Thursday morning, workers were pouring concrete on a pedestrian bridge when it suddenly collapsed. One worker died and four others were rushed to WakeMed.
The 911 call log reveals a dispatcher had trouble getting help to the workers.
Caller: "Wake Tech. Wake Tech North. 711 Fox Road, ma'am"
Operator: "What is the address, sir."
Caller: "It's Wake Tech North, 711. What's the address? 7110...North...North Wake Tech."
Operator: "Sir, I'm sorry, I can barely understand you. You said address is 711. What's the street name?"
Caller: "Wake Tech North, Wake Tech North!"
That call came in at 10:14 a.m. First responders say they weren't dispatched until 10:18 a.m.
That back and forth about the address went on for more than two minutes as the operator stressed the need for a correct location to dispatch help. We're told it's protocol for operators to get an address first. Then she was able to ask what had happened.
Caller: "The bridge and construction, somebody fall down. I mean, the bridge fall down on construction."
Construction workers were working on a campus expansion project. They were on a 250-foot-long pedestrian bridge when it suddenly gave way, sending five men to the ground. First responders said the bridge, at its highest point, is 40 feet tall.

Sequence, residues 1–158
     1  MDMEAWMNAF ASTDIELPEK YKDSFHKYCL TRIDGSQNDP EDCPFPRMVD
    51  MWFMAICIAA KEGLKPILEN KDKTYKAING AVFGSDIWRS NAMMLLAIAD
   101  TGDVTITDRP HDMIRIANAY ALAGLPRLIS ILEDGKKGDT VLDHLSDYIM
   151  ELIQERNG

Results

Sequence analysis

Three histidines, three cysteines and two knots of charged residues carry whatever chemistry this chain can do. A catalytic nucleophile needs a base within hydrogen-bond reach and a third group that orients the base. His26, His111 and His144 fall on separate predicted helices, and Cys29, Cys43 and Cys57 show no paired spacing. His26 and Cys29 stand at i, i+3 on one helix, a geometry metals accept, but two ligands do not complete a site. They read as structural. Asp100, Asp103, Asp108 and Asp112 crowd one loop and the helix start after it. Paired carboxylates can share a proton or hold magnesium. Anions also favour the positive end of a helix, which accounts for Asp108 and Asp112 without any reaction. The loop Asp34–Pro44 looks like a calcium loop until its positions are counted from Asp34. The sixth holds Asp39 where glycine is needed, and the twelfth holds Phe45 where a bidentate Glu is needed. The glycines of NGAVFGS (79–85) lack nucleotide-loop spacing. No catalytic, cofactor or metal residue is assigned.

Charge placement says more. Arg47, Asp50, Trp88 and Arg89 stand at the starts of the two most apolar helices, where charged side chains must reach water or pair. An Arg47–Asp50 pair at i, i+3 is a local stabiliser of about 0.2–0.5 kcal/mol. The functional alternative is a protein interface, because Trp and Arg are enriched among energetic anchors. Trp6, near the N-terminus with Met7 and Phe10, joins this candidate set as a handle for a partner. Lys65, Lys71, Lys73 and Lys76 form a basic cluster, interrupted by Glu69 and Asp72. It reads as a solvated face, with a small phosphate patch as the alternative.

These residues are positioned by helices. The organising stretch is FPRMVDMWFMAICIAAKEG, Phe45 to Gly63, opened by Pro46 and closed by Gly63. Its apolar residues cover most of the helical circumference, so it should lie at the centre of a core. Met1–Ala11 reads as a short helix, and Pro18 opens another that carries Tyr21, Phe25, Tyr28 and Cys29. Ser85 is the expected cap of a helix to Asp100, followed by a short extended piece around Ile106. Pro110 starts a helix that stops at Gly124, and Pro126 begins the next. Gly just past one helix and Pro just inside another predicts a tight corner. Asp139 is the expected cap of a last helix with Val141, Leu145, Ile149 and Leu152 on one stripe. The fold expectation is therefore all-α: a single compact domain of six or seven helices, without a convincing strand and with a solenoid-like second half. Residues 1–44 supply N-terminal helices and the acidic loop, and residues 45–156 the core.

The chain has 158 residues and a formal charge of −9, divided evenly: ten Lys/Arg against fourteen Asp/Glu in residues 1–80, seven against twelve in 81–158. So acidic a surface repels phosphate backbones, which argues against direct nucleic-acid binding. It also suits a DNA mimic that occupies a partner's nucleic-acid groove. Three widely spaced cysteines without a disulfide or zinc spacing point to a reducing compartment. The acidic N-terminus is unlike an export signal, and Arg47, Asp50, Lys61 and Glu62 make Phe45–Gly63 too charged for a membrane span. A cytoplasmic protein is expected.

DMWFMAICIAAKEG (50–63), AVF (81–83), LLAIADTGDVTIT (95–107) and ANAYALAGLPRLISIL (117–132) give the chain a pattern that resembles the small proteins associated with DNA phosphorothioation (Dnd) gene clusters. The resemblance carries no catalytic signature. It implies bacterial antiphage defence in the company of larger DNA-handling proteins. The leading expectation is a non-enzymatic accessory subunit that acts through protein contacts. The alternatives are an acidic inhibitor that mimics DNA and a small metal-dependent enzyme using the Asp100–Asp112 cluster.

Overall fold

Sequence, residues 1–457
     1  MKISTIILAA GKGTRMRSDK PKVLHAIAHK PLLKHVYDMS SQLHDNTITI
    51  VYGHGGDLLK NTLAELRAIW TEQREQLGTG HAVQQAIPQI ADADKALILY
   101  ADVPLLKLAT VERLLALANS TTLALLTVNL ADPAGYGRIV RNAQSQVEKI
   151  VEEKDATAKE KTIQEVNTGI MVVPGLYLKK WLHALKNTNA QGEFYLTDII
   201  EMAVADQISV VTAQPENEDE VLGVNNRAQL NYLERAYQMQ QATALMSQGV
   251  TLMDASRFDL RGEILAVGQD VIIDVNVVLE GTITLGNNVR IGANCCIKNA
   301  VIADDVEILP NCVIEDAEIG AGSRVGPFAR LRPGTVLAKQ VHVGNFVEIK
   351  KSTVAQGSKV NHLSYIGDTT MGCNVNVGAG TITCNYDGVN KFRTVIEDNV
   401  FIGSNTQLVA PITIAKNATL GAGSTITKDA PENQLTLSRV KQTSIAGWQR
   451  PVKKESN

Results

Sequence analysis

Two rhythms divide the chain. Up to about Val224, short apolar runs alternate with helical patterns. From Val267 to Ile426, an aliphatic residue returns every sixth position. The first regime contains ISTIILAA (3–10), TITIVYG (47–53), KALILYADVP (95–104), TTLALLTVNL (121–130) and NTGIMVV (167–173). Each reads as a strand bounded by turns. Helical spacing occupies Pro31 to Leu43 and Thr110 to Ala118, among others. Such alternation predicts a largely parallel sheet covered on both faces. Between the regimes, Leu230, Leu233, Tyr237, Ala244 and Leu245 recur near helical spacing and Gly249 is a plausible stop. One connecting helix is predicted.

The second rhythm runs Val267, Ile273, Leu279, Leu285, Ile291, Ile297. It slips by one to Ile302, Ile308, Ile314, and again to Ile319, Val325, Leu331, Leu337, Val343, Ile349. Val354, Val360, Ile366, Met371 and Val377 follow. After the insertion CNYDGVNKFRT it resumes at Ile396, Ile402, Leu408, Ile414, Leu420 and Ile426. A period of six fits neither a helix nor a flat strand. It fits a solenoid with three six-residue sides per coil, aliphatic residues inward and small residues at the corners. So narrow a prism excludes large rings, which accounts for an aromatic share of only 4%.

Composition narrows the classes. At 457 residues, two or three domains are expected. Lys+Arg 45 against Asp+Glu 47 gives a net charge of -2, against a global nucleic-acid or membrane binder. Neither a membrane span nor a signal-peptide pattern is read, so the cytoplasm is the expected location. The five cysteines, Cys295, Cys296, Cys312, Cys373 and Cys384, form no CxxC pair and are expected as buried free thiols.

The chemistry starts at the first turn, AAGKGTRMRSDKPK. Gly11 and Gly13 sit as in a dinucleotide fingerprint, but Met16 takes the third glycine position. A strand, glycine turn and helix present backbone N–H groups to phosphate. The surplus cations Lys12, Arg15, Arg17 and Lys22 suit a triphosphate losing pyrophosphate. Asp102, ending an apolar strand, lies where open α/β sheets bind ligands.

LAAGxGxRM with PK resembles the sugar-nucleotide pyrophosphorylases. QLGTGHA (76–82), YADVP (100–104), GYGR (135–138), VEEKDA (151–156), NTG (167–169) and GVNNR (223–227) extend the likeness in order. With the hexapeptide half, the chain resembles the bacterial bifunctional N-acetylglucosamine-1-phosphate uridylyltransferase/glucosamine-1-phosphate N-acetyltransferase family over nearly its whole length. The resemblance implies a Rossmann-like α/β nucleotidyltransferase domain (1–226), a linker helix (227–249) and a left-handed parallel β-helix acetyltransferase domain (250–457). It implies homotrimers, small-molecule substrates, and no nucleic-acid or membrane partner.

"Our first unit was on the scene six minutes after dispatch," said Jonathan Olsen, Chief of Operations at Wake County EMS.
While the initial 911 call conversation may have slowed down response by a few minutes, a second delay came from the location itself. The men were in a construction site.
"There are issues finding out what is the best place to get to the best location to get to the patients," said Olsen.
They describe that delay of getting to the victims, once on site, as only a "moment or two" thanks to the help of police officers and other construction workers. When first responders found the men, one was dead. Four were still alive and rushed to WakeMed.
No names have been released.
The construction company doing the work is Skanska. Federal investigators were expected to begin looking into what caused the accident right away.
The ABC11 I-Team looked into the company and the sub-contractor that employed the victims. We looked through records kept by the North Carolina Occupational Health and Safety Division, which is the state's OSHA.
Both the company in charge of this project and the sub-contractor responsible for the bridge have notably good safety records.
The subcontractor, a company called Central Concrete, has been inspected four times in the past five years, but was never cited and never found to be in violation.
It's the same with the company in charge of the project, Skanska. They have had four visits from OSHA with no violations and no fines.
Skanska Vice President Alan Jones says the company is committed to finding out what went wrong and sharing lessons learned.
"Whatever comes out of this from a standpoint of investigation will not only go locally, it will go worldwide from a standpoint of any kind of stand-down and what we learned from it," said Jones.
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